Tarik Saleh directs Chris Pine in a mediocre military conspiracy thriller that checks off all the dad movie boxes.
In the 1990s and 2000s, TNT had the market cornered. Every day, or at least it felt that way, the television channel would play a certain kind of action movie. They relied heavily on Tony Scott’s filmography in the early years, and on the Bourne franchise in the later years. Tarik Saleh’s The Contractor would have been a staple on the channel, likely playing favorably to middle-aged fathers on Sunday afternoons.
Starring Chris Pine, The Contractor follows James Harper, an ex-military man low on cash after being discharged from the Army. Instead of appealing to his American idealism, like the writers do in Shooter, another film that The Contractor relies heavily on, writer J.P. Davis puts Harper in the compromising position of being behind on his bills. To provide for his family, he takes a private contracting job from Rusty Jennings (Kiefer Sutherland), another veteran who’s been chewed up and spit out by the U.S. military system. Throw in Ben Foster as Mike, his old pal from his military days and his new coworker on this “simple” job in Berlin, and you’ve got a blueprint for an action thriller.
Saleh skimps on the action, though, opting for muddled moments of Harper tending to his knee wounds, laying first in sewers, then in subway stations, and finally in safe houses. Like his predecessors in dozens of movies with similar premises, Harper wants to find out what went wrong, who set him up, and how this supposedly easy mission devolved into chaos. The grand conspiracy that Harper yearns for never pans out, though, sans any real sense of surprise. Wasted talent abounds, as Sutherland, Foster, and Gillian Jacobs serve as bit actors forced into tried-and-true sketches of people in Harper’s life.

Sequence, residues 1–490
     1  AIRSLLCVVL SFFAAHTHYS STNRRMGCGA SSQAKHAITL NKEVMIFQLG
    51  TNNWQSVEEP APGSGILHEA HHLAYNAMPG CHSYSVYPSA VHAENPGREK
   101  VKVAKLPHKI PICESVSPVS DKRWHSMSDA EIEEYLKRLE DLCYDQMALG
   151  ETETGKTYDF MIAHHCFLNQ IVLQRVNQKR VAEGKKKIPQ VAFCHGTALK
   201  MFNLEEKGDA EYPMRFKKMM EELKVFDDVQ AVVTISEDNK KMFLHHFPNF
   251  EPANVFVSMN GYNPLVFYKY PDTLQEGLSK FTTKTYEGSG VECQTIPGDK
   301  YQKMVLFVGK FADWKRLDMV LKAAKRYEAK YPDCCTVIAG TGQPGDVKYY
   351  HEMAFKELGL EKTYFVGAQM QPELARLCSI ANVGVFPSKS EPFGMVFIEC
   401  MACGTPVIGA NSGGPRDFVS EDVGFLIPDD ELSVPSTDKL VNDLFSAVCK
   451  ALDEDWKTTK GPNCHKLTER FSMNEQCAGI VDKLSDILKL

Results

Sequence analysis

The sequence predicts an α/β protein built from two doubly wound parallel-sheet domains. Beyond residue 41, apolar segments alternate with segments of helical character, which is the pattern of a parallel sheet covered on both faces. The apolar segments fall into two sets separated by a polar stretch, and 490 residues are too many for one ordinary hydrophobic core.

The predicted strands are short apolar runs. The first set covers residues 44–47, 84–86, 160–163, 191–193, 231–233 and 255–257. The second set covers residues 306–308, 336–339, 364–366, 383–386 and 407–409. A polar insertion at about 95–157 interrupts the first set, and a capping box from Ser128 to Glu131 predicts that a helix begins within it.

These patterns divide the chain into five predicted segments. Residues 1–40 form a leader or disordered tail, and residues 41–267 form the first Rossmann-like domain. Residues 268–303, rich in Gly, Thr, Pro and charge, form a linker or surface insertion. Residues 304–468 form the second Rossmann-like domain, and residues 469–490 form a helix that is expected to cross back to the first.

Outside of a sleek sequence in a sewer tunnel, the action results in a host of gunfire without the place and scope to understand what’s going on. Without the necessary action or the familial buy-in to keep the audience engaged, Harper’s journey to get home becomes trite. Credit to the director for making the Berlin police able to handle their guns, though, unlike most of these movies, in which the villains never get remotely close to hitting a moving target. Leaving bodies in his wake, Harper seeks revenge, stemming from built-up anger for how he’s been treated by a country he’s sacrificed everything for, a central theme of Saleh’s film.
Buzzwords are in abundance in Davis’s script, as Harper states, “I’m not my father,” within the first fifteen minutes. Al-Qaeda, bioterrorism, and vaccines are blurted out, both context and meaning sorely missing. Flashbacks consist of an elementary-aged Harper getting a matching American flag with his father, molded to love America with all of his mind and heart. There’s a criticism of unabashed nationalism muddled somewhere within The Contractor, a realization that the government and its departments might not be working in an average citizen’s best interest, and certainly is not always working to create a safe or stable life for its veterans. But this thesis is mismanaged, living within the film yet not examined by its characters.
Still, the problem remains: why is Harper a wanted man? In a film building towards a conspiracy, the payoff remains minimal, and the general “America isn’t as great as it seems,” shtick has been worn thin, especially when the writer and director don’t engage with the concept beyond the simple stating that it exists. With mostly stale action and a bungled third act missing usual political intrigue, The Contractor feels like a knockoff of better, mid-2000s fare. Pine feels up to the task, grizzled and geared to fight anyone that moves against him, though his dedicated performance can only take the film so far. Sutherland matches him in limited screen time as a worthy adversary, but the both of them have such limited backstories that the audience barely has a stake in all of this fighting. And most frustratingly, Harper’s life never feels like it’s in danger.
The Contractor opens in theaters April 1st.